The way I do it, I open the PDF (most of them are rasters) and I draw shapes on top of it, just as if I was drawing on tracing paper on top of a paper plan. I correct all drafting errors, dimensions bad curves, and other defects while I'm drawing my part. So if there's an error in the plan I'm not reproducing it. I'm drawing my part correctly in the first place. Then I copy the shape I made and paste it into a new document. I make a document for every sheet that will go in the laser cutter, so there's a separate document for each thickness.

When you get a decent drawing program and get comfortable with it, you can go pretty fast. There are lots of drawing shortcuts built into the software. Like if you make a bulkhead, then you make a square the size of a stringer, and you just place it in the correct location and use the Subtract function. That way you don't have to actually draw the notch. You draw the stringer the correct size and the software subtracts it from the shape for you. Or you draw only one side of a round bulkhead, copy it, flip the copy, then join the two to make the whole piece. This way your plane is actually straight and symmetrical. But if your software vectorizes a drawing, you're setting yourself up for the computer to reproduce all errors that were made in drafting, inking, printing, and scanning before the PDF got to you. If you have to fix all of that, why not just cut this step out of the process? It's sort of like hiring an employee to sweep the floor, but he doesn't know how to use a broom so you end up sweeping it yourself.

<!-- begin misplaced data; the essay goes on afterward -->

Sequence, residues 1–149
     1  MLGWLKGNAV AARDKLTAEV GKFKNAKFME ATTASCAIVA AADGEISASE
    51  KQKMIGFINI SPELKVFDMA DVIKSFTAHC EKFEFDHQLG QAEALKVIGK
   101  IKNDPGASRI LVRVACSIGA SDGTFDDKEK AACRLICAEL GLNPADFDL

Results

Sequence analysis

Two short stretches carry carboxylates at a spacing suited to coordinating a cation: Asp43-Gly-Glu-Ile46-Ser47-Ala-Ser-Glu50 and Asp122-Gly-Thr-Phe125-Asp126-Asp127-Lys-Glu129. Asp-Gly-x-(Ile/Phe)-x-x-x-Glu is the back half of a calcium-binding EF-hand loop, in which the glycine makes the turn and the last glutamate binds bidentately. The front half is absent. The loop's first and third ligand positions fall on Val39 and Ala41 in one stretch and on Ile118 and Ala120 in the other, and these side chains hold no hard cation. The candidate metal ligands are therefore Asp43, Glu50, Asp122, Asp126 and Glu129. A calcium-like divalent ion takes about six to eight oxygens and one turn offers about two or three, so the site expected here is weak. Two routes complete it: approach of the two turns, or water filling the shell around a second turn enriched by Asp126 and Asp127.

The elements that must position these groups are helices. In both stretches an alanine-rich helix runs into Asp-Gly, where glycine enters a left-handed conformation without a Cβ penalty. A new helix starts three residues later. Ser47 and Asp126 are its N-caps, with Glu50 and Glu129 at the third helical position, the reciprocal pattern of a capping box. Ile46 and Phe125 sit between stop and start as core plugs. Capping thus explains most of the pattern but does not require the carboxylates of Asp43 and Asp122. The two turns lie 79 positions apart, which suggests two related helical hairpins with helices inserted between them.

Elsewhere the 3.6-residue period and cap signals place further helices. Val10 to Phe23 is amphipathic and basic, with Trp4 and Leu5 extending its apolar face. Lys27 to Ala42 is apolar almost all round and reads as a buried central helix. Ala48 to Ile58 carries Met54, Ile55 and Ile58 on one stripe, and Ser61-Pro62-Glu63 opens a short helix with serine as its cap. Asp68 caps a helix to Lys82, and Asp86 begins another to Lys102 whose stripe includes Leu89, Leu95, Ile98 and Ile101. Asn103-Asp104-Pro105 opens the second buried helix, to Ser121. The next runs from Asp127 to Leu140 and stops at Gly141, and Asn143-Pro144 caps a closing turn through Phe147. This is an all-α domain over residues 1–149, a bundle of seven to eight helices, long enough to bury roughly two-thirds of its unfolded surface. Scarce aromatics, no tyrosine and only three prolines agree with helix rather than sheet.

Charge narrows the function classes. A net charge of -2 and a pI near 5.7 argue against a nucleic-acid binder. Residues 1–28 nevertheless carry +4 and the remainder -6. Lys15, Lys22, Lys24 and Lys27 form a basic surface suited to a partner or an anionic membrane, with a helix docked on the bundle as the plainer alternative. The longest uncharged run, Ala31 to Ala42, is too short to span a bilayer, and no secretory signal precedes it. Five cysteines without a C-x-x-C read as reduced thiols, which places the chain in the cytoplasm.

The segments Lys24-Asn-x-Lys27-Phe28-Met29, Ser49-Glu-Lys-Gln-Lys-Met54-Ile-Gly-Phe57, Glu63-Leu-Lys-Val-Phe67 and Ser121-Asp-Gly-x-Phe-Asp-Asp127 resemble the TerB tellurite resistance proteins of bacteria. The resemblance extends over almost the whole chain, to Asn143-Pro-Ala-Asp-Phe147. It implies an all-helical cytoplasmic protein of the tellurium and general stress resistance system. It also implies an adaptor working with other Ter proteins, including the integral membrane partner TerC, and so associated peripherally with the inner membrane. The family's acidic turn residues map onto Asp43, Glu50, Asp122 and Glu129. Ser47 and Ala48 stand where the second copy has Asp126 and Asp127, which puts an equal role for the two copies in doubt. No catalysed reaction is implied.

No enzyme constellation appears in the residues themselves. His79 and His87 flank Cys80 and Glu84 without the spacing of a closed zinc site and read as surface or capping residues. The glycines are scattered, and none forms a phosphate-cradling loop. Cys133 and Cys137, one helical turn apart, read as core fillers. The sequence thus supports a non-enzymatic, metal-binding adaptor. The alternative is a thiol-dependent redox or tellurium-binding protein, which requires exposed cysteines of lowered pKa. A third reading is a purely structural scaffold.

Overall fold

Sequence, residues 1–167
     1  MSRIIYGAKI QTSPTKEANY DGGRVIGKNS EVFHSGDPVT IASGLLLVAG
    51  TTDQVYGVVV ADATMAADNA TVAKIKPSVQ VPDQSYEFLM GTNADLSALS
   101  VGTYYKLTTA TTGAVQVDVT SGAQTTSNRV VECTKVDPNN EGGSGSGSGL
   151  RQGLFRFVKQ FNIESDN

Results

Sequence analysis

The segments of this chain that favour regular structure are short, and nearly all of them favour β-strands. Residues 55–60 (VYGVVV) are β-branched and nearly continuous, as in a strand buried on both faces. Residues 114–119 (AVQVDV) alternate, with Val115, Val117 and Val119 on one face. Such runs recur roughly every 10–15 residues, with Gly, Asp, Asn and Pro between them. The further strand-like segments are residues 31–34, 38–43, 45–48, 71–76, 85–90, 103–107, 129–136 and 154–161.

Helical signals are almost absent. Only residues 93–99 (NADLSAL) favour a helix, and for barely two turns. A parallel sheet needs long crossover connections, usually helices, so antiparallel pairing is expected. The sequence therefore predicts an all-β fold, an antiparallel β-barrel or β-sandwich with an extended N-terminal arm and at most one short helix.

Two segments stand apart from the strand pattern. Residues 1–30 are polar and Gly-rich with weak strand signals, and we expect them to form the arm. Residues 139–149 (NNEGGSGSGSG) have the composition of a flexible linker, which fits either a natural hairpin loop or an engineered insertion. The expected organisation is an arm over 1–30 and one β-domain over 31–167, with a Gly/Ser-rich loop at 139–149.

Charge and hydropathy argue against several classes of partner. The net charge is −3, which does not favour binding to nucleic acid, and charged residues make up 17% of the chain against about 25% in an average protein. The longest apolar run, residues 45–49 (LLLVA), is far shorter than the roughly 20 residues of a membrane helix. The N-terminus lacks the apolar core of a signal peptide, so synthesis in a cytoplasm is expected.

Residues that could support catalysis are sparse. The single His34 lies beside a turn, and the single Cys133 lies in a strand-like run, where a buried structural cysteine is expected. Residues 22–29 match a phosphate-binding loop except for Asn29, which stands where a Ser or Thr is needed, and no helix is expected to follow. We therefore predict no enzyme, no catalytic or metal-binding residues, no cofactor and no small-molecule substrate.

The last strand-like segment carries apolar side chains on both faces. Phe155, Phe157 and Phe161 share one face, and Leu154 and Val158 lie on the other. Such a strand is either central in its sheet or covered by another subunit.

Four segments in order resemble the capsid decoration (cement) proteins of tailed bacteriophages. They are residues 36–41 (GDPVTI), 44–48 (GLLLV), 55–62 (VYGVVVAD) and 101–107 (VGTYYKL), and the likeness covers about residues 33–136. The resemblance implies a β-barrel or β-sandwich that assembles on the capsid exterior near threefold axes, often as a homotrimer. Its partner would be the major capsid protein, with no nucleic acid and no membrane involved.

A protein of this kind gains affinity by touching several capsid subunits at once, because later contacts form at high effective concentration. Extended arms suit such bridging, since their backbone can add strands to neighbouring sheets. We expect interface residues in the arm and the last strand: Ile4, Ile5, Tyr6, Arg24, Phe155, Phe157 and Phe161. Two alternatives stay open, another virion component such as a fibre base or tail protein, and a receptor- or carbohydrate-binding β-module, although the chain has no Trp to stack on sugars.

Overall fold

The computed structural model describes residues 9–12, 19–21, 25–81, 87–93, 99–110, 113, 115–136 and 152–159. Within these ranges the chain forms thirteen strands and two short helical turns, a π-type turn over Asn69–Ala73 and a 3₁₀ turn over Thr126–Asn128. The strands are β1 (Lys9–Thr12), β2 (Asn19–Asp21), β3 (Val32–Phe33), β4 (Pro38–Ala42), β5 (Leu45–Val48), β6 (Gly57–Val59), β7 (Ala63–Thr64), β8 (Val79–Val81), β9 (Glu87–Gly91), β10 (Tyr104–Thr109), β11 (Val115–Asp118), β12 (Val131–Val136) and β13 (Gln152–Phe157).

Oct 12, 2020, 11:37 AM
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By the way, that's a great looking seaplane. I love planes from that era. They're really classy.
Oct 12, 2020, 12:09 PM
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If I draw / re-draw (CAD) the plan, You want to partner up with it? The first would be this size which is 1/12 scale (60") this I would do for electric. I would do the plugs for vac-form floats and engine nacelles. maybe even some other parts. The rest would be built up. I think that a foam wing would not be a bad idea on this since it is a seaplane. Some built in flotation. Nose block and other fuselage parts out of foam also. Replacing any carved balsa. Also build the construction as light as practical. Retractable gear would also be very easy on this. Or just removable as an option. I have always loved this airplane. I would also love to double up the size to 120" for engines. A couple of 4-strokes in this would be fantastic. Because they are as close to the centerline as you can possibly put two engines, it would not be an issue with an engine flameout. I would put two RCV 59CD engines in it. I don't think anything larger would be required. A couple of 13/5 or 14/4 props and it would be fantastic. The real airplane had 9' props. Because of the engine nacelle design the cooling is fantastic with good prop exposure. This makes a much better model than any Grumman Goose or Widgeon or anything such.